Since the dawn of personal computers, one premium brand has consistently stayed at the forefront in terms of ease of use, graphics, and other user-friendly features. This brand has been so successful that it almost defined what the personal computer is and can be right out of the box, shaping the expectations of millions of users. Other computers have imitated it, and followed in its wake as the company has gone on to reinvent the transistor radio, the cellphone, and bring Star Trek datapads to reality.

The company, of course, is Apple, and the line of PCs are the Macintosh. One thing all Macs have excelled at is security. Rarely have they been targeted by viruses or malware of any kind – unlike their Windows-run rivals, which face a constant onslaught. Win boxes require frequent updates of their operating systems, along with anti-virus programs that should be updated almost every day. Yet, many Mac users update theirs much more infrequently, and many do not bother with any anti-virus protection at all.

There have been a few breaches, the most significant several years ago. But why are Macs generally so secure? What is it about them that has kept them largely above the constant struggle that Windows machines endure? There’s no simple answer, but one key factor must be that due to differences in the operating systems, the viruses that can infect Windows PCs cannot infect Macs.

So most experts think the low market share is the main reason. Many more people use Windows, so it’s theorized it’s just easier for the bad guys to go after the low-hanging fruit than to craft malware for Apples. However, since Macs cost more than Windows machines and historically are often the machine of choice for creative endeavors, their users tend to be more affluent, which increases their appeal.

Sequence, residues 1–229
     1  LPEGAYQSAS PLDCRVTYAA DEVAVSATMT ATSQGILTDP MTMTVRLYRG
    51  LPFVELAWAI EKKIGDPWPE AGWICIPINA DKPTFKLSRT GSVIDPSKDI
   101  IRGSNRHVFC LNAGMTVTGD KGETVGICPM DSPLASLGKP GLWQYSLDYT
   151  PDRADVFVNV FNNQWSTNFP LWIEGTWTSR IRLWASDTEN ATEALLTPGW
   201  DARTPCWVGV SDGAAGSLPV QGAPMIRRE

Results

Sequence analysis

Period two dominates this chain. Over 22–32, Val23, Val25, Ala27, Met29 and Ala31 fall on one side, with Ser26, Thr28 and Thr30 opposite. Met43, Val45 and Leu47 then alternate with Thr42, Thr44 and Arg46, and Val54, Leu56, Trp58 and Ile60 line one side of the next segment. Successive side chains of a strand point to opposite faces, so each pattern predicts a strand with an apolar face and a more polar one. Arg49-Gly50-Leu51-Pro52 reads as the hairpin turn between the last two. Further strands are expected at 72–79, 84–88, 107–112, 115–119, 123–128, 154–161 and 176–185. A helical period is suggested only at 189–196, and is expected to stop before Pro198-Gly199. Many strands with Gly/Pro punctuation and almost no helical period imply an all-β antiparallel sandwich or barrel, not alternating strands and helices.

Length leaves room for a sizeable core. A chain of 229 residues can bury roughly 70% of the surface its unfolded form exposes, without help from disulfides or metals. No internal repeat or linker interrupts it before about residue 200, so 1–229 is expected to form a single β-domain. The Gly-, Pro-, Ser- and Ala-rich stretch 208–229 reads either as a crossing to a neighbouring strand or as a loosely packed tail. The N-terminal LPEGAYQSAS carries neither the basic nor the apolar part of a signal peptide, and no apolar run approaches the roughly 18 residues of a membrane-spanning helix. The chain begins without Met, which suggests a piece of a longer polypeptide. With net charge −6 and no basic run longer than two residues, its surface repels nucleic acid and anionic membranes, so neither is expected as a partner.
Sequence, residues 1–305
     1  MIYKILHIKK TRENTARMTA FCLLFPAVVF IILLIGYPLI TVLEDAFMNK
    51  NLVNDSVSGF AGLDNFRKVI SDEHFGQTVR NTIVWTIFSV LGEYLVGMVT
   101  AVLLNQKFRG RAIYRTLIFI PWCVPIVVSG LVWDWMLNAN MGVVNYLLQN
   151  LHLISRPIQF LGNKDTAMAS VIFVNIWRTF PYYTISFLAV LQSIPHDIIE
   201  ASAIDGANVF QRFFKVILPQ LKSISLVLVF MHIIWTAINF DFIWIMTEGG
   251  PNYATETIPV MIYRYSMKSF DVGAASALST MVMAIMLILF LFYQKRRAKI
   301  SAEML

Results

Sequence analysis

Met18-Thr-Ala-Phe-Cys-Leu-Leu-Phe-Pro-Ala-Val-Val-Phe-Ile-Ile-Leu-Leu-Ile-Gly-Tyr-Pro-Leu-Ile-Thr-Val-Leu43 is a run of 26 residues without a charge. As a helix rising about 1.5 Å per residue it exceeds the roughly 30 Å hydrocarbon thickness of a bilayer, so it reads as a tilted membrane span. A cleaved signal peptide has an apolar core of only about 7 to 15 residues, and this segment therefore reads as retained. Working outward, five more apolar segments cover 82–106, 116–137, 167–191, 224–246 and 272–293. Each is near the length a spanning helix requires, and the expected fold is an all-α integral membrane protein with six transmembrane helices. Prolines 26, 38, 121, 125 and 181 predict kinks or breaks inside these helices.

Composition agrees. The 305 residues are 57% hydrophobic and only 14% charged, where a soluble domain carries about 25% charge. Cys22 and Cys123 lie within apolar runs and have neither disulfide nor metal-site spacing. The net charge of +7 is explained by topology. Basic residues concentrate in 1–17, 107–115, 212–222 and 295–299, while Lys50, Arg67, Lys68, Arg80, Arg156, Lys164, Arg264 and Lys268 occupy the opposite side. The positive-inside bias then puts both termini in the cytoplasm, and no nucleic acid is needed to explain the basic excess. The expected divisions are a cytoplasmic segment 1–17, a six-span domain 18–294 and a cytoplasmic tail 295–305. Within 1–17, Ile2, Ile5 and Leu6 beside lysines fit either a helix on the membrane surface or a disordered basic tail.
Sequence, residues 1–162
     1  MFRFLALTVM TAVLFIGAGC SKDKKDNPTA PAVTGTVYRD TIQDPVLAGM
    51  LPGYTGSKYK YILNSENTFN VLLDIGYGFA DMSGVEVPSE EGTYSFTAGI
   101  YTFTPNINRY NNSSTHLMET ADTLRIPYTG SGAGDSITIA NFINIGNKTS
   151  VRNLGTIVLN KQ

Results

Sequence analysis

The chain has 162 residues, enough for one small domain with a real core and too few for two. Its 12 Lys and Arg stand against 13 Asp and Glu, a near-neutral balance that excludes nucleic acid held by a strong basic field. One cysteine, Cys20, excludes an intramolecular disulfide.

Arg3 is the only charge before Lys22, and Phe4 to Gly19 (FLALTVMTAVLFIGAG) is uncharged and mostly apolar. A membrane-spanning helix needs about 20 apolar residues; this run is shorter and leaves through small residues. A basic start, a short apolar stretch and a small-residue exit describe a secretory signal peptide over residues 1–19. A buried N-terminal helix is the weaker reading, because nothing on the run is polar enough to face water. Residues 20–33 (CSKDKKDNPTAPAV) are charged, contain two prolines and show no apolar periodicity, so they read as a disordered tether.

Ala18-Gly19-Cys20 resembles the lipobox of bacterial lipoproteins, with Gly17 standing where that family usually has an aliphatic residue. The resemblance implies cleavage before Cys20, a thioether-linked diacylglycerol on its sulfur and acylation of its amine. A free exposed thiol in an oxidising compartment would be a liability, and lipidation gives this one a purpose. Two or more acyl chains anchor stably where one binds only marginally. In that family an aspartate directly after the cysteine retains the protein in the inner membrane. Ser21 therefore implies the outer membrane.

Experts also give credit to the underlying Unix basis of the modern Mac OS. This effectively sandboxes the software, preventing problems in one program spread to others. But these days, few core vulnerabilities are to be found in either operating system. Instead, the bad guys rely on weaknesses in third-party software and on tricking users to do their dirty work by installing it for them.

So now, at long last, Macs might be finally targeted by the bad guys – and not just any hackers, but the very same Russian state-associated group called APT 28 (along with many other names) associated with the hack on the DNC. This nasty piece of work, known as Komplex, arrives in a MS Word document file titled “U.S. Allies and Rivals Digest Trump’s Victory – Carnegie Endowment for International Peace.” When opened in a Word application configured to allow macros and if the user ignores a warning, it checks to make sure there is no Little Snitch firewall running. Then Komplex executes its tailored package, downloading the payload through a backdoor from a fake Apple site. Though this type of threat is believed responsible for crashing the Ukraine power grid, this malware seems mainly concerned with spying. It can steal passwords, take screenshots, and taking iPhone backups.

Since this is a targeted attack, most users don’t really have to worry much. But as this may be an opening shot in a wider cyberwar, it would not be a bad idea for Mac users to get into good security habits like their Windows-using compatriots. This is especially important as Apple appears to be overly-confident, leaving a number of weaknesses in OS X security. As with Windows, common attack vectors include Java and Adobe Flash functions in browsers as well as Word macros.

Doubtless, antivirus and security software should be used for Macs networked or running critical business operations. However, there are no clear answers for typical home users. Here’s what Apple says about Mac security, plus an independent list of 22 simple steps anyone can implement.

The bottom line is that while the average Mac user may not be at much risk, all users are collectively in danger. Whatever machine is used, making it more secure makes everyone more secure. After all, we’re all in this together.